AI: The Future of Dance?

The prediction that robots will take over the planet has been around for decades. Services we are used to seeing provided by human beings are already being rapidly transferred to computerized forms. Watching a recent interview with British choreographer Wayne McGregor, I was reminded of our impending digital takeover. In fact, the piece, published on the Google Arts and Culture Facebook page, gave me thorough Ex Machina, Westworld heebie jeebies.

McGregor has partnered with Google to explore the capabilities of Artificial Intelligence (AI) to generate movement material. In order to do so, he had to gift his entire archive, thousands of hours of rehearsal and performance footage so that the program could learn McGregor’s language and the tendencies of his dancers. The program then creates movement phrases in the style of specific dancers.

“When I’m with my dancers normally, what I’m asking them to do through their own creativity is make iterative versions of an idea that I might have proposed,” McGregor explains. “What this tool does for each little moment, is do 400,000 iterations of that idea. So the canvas is way, way bigger… What this tool allows us to do is go, ‘OK, I’m starting with this phrase, I would like the machine learning tool, the AI, to invent the next phrase but in the style of Jordan or in the style of Jess.”

Can we teach AI to dance? Introducing Living Archive – a new choreography tool powered by machine learning. A collaboration with Studio Wayne McGregor. #GoogleArts

Posted by Google Arts & Culture on Thursday, December 20, 2018


In the early 2000’s, famed martial artist Jet Li was approached by the Wachowski brothers to play the character Seraph in The Matrix Reloaded and The Matrix Revolutions. The offer came with many benefits; handsome payment and the chance to be part of one of the biggest cult films of the time. The Matrix had already smashed through box offices. But Li refused.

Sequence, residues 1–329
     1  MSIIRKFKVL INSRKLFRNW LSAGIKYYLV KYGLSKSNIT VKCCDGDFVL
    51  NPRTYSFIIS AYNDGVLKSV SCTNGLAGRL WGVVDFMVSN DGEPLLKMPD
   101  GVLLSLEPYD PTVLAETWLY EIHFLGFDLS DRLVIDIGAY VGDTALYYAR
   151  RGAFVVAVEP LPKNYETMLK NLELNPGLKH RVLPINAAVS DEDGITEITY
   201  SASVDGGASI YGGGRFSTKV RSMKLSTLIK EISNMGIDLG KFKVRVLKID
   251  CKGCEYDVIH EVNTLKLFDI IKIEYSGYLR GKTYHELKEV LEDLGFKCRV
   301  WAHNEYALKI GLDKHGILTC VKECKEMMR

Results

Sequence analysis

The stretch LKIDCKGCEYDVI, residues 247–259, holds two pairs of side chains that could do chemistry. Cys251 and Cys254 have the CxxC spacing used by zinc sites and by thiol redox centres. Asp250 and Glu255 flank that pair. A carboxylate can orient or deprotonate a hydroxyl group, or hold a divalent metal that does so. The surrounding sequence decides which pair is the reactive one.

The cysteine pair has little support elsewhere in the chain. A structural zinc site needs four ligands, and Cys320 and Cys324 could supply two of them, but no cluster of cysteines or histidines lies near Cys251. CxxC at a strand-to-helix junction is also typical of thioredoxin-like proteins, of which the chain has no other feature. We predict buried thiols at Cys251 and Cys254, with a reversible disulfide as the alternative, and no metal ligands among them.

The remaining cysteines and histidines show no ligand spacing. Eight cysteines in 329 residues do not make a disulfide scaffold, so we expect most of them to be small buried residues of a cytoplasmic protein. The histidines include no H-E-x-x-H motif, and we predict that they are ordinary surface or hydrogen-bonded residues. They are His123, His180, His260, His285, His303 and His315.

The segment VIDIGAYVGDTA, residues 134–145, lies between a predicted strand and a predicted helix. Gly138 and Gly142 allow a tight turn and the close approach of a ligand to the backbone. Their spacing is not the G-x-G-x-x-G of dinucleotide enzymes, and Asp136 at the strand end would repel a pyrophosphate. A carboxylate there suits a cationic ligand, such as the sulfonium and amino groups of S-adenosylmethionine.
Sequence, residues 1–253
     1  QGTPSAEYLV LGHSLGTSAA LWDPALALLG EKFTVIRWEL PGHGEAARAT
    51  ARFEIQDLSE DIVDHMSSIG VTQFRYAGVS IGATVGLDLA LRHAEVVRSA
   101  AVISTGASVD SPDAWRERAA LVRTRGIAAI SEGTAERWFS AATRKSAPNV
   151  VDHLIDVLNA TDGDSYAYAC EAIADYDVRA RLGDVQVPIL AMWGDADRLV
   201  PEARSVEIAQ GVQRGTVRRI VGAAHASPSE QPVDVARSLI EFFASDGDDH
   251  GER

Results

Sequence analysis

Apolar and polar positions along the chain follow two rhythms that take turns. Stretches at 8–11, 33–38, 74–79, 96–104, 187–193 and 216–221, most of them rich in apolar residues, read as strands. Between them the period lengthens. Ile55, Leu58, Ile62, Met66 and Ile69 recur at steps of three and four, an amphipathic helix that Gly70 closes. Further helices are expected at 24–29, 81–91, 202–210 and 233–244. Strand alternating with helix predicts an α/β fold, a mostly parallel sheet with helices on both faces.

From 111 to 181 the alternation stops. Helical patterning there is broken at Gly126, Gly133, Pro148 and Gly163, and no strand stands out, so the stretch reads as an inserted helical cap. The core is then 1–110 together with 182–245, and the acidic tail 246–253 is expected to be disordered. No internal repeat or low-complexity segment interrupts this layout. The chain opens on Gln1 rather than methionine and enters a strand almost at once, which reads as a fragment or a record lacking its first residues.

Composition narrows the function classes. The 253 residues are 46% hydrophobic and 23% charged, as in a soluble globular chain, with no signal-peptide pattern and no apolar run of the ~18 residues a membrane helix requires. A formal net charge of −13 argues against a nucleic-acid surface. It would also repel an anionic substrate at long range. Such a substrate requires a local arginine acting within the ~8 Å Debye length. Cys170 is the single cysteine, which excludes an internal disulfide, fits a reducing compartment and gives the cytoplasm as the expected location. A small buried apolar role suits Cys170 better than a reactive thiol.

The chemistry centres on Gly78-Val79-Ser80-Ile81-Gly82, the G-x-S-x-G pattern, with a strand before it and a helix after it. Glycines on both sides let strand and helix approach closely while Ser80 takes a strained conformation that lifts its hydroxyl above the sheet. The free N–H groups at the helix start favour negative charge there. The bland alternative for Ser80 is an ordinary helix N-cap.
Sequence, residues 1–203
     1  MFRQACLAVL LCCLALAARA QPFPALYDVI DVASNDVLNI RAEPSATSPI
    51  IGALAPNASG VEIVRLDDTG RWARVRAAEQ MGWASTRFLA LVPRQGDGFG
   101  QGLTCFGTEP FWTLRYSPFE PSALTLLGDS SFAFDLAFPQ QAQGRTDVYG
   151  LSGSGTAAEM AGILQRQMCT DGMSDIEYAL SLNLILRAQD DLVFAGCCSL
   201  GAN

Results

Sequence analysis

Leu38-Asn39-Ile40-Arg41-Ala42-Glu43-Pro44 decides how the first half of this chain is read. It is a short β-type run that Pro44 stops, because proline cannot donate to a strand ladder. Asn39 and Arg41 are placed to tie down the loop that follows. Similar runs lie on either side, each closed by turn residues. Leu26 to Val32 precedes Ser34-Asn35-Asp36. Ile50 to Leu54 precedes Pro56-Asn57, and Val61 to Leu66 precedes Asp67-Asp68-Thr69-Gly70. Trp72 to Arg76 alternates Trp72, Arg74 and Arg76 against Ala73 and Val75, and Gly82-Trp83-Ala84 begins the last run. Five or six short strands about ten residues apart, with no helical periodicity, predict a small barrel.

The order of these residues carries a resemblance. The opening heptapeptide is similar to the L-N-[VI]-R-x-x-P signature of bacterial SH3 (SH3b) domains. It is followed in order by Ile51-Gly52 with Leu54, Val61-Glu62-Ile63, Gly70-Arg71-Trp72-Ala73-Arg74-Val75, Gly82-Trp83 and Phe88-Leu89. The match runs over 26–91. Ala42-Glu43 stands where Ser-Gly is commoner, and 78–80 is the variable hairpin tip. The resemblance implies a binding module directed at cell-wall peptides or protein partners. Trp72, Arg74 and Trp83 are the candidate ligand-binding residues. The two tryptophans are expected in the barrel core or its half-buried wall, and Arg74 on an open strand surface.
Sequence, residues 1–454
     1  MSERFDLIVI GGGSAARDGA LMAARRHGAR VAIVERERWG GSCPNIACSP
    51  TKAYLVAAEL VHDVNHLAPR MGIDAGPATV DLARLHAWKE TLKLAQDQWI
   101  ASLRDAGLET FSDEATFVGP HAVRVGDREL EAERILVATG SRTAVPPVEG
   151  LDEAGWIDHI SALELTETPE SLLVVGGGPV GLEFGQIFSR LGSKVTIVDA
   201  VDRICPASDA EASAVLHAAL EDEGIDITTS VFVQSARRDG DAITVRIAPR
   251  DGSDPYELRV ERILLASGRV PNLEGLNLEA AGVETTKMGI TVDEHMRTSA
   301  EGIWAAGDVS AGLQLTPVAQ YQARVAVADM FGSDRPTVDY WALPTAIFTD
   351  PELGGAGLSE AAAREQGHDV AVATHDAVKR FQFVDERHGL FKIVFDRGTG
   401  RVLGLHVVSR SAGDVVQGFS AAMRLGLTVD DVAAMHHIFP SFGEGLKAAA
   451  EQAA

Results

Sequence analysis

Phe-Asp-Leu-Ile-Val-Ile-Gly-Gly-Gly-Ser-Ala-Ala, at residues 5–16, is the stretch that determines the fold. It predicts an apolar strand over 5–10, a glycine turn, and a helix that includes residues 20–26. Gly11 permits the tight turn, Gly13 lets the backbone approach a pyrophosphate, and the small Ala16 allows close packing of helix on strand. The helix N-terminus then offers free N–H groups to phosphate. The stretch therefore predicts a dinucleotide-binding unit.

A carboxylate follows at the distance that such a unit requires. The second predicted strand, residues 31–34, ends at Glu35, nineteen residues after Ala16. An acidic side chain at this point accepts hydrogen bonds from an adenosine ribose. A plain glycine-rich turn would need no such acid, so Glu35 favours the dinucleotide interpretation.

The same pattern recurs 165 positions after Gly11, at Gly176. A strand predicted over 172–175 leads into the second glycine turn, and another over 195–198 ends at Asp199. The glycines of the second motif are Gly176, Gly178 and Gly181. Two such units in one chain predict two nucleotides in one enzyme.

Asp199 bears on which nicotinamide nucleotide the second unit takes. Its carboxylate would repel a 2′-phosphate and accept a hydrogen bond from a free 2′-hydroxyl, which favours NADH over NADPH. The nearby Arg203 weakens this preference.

When he looked over the contract, he understood that part of the deal was having the crew capture his movements to form a digital library of Li’s martial arts practice. The rights to these movements would then belong to the directors.

“I was thinking: I’ve been training my entire life,” Li told Chinese anchor Chen Luyu earlier this year. “And we martial artists could only grow older. Yet they could own (my moves) forever as an intellectual property. So I said I couldn’t do that. “

(Read more on that here).

Twenty years prior to the onset of McGregor and Google’s project, Li explained why such an endeavor is dangerous.

It is true that technology is engulfing our lives and, in many ways, for the better. Our day-to-day is made more efficient and more comfortable by digital advancements. However, the creation of dance is something that, in my opinion, needs no tech bolstering or interventions.

When a choreographer teaches his or her dancers a phrase, they are sharing a personal impulse or reflection. It is true that not all movement bears emotional or mental significance but even those dances that are pure movement were created on a human body. The transference of that information creates an intimate exchange between choreographer and dancer.

In McGregor’s video we see dancers mimicking the movement of stick figures off of a screen. While I can see how this program creates more choreographic options than any amount of dancers in one studio could, it is missing the element that makes dance what it is: the human body. There is no impulse, no gut need, no motivation for that computer to create those 400,000 iterations of an idea and so, even if they are performed by incredibly skilled dancers, the movement will lack the very reason why human beings dance.

The human body is an endless source of creation. No two dancers, even individuals with the exact same training, will create the same movement phrase. Even a solitary dancer, given a lunch break or a change in atmosphere, music or company in the studio, will generate completely different material within the same day.

We dancers, like Li, train our entire lives to perform our craft. We learn to become creative engines, generating different types of material for different choreographers depending on the task at hand. We are sieves for information. Our bodies serve as vehicles for thought, emotion, sound, color, what-have-you, and that cannot be captured and recreated by a computer.

I struggle to understand why McGregor would even want to flirt with substituting a hard drive for the hearts and minds of living, breathing, flesh-and-bone dancers.


Ori J. Lenkinski